A good man brings good things out of the good stored up in his heart, and an evil man brings evil things out of the evil stored up in his heart. For the mouth speaks what the heart is full of. – Luke 6:45
I know we’re all imperfect, and sometimes we say things we don’t really mean. I suppose you can assume this is an extension of last week’s post of trying to be a woman of peace, using fewer words, and only saying things that uplift others. I think I started to already fail! Sometimes I get caught up in other conversations that I get lost, sucked in, and I really regret even conversing with that person. Not necessarily is it that person’s fault, the blame really sits on me – I control my mouth. Then comes in WAIT: Why Am I Talking? And even if you consider it “truth” if it’s not nice, just don’t say it and don’t continue it with another similar sentence. Listening is one thing, engaging in bad talk is just sinful. I’ve been trying to work really hard at watching my temper which basically means controlling my heart which fuels my mouth.
Earlier this week as I was just checking on social media, to make a long story short, I came across a misunderstanding. It was basically a conclusion that was formed with no background checking.
Surprisingly, my heart didn’t stir up anger or defensiveness. I just thought, “Man, that sucks, maybe I should tell her so she knows that I really didn’t steal it.” It wasn’t going to ruin my career, it just hurt my feelings a little bit but I got over it rather quickly. I reached out to her and explained the situation in a kind manner and wished her well. I wasn’t looking for an apology, but wonderfully enough, she kindly did respond and we’re all good now, and that was that. What surprised me was my calm perspective of the situation.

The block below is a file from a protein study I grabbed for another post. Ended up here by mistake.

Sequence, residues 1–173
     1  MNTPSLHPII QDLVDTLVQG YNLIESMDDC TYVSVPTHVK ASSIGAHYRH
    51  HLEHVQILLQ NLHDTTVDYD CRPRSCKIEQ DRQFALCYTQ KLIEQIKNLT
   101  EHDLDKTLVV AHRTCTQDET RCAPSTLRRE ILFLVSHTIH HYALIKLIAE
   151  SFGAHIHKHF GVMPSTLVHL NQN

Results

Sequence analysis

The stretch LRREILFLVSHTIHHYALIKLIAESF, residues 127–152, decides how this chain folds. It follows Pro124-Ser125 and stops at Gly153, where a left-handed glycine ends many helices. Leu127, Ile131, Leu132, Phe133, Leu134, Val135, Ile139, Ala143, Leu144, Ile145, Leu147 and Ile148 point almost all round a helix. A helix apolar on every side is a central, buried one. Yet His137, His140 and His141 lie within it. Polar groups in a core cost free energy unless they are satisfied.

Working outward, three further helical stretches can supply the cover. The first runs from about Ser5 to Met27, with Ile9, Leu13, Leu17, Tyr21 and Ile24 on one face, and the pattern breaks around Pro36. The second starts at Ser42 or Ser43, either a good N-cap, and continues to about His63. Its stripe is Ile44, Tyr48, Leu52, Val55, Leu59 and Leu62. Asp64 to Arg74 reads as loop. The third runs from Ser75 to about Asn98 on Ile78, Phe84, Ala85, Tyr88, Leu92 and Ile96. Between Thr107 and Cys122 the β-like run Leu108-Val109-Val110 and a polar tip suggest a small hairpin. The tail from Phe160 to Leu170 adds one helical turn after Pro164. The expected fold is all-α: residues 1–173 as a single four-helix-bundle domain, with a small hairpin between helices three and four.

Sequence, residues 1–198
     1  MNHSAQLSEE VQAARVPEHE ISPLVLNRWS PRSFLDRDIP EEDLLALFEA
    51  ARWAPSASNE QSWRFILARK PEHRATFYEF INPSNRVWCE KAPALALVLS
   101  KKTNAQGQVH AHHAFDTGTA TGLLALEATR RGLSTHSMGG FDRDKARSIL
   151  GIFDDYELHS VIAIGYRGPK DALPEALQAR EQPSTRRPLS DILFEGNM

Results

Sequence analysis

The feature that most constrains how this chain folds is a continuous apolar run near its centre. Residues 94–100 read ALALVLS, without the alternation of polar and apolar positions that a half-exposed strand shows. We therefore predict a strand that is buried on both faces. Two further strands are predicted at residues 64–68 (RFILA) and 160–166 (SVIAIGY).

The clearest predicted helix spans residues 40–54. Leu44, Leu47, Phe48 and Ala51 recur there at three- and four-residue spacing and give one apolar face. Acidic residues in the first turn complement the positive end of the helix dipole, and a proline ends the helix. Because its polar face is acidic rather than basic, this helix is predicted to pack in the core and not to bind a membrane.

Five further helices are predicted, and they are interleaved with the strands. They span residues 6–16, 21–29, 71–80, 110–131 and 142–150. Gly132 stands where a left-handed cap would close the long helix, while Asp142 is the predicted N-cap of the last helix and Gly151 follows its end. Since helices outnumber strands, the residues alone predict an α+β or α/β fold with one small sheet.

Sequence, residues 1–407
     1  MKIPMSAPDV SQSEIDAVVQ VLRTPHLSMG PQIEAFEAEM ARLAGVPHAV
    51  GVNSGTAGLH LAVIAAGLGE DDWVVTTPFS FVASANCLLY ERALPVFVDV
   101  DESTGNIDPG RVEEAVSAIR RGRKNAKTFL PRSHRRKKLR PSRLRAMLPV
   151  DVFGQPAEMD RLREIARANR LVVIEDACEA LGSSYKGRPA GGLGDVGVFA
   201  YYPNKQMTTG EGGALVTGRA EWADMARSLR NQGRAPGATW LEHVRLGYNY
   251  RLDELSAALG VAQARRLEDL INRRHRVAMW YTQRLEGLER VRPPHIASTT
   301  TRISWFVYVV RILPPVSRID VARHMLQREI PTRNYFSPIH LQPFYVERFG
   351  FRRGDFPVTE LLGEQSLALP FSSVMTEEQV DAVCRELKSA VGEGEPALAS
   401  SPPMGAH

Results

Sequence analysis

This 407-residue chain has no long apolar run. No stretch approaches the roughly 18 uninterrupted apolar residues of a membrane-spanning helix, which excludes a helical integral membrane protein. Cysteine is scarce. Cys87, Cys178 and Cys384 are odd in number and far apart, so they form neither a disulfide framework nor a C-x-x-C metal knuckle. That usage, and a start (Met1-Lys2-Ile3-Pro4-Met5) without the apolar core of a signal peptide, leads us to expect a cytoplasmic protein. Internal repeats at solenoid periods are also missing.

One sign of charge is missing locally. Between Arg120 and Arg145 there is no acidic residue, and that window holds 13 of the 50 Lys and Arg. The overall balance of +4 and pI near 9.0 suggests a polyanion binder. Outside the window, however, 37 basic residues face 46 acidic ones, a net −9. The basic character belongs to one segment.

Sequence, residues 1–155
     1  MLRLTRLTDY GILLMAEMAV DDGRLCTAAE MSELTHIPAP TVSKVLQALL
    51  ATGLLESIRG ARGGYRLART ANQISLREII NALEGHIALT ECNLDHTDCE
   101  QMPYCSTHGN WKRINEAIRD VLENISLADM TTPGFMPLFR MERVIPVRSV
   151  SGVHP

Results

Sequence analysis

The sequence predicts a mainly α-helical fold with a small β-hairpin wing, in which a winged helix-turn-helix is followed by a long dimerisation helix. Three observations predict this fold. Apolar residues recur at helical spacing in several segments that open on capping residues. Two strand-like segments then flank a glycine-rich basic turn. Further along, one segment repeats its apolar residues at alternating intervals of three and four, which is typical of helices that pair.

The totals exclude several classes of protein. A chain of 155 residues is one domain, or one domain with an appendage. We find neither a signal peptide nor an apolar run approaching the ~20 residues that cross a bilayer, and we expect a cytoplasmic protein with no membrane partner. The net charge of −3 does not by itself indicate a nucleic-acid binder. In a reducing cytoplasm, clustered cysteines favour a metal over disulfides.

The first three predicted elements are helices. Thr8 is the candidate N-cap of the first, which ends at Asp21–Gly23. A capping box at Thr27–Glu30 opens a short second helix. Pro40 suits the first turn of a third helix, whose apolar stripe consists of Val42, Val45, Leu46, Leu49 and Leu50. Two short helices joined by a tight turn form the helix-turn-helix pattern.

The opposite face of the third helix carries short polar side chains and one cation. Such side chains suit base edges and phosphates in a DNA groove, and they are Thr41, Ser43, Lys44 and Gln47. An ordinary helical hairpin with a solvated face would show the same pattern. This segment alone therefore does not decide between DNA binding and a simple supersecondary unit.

And boy have I’ve had some really mean stuff said about me with links and everything in the past (Google analytics can tell you everything), and while it was so mean spirited and just angry, I chose to not even battle it. I just removed all evidence of my interaction with that specific job. I couldn’t control what was being said about me, but I could only control my reaction and actions, and it was hard. But sometimes, you have to choose to be the bigger person because that’s who you want to be. And sometimes it just seems to much easier to just unload on someone but in the end while it may have felt good, you can’t help but feel remorseful afterwards. At my age, I’ve learned the higher road is a much better road to be on.
I’m working on carefully selecting my words. I want to say things that are nice – not criticize or correct others for the sake of being “right” – I’m also very disinterested in being self righteous or people who are. Self righteous people actually fighten me because I’m terrified of expressing my simple thoughts in fear they’ll just slam my opinions down (which makes one feel insecure of just being “you” in their presence). I’m also trying to control my reactions and will assume everything is a misunderstanding before I become defensive.
I react in a better manner when I’m rooted in God’s word, faith, and surrounded in fellowship with this people. I’m reminded to speak kindly, be slow to speak, quick to listen, and to do away with pride. I have learned that my reaction is the most important one that can really be a testimony of my faith and what God is doing in my life. Some days I fail, like miserably, but God gives me another day as a do-oever to try again.
I wrote this on Instagram last Sunday:
Diana Elizabeth thinks that the less we worry about what the world thinks but just concentrate on the audience of One, that’s really all that matters. It’s really what our entire purpose here on life is about.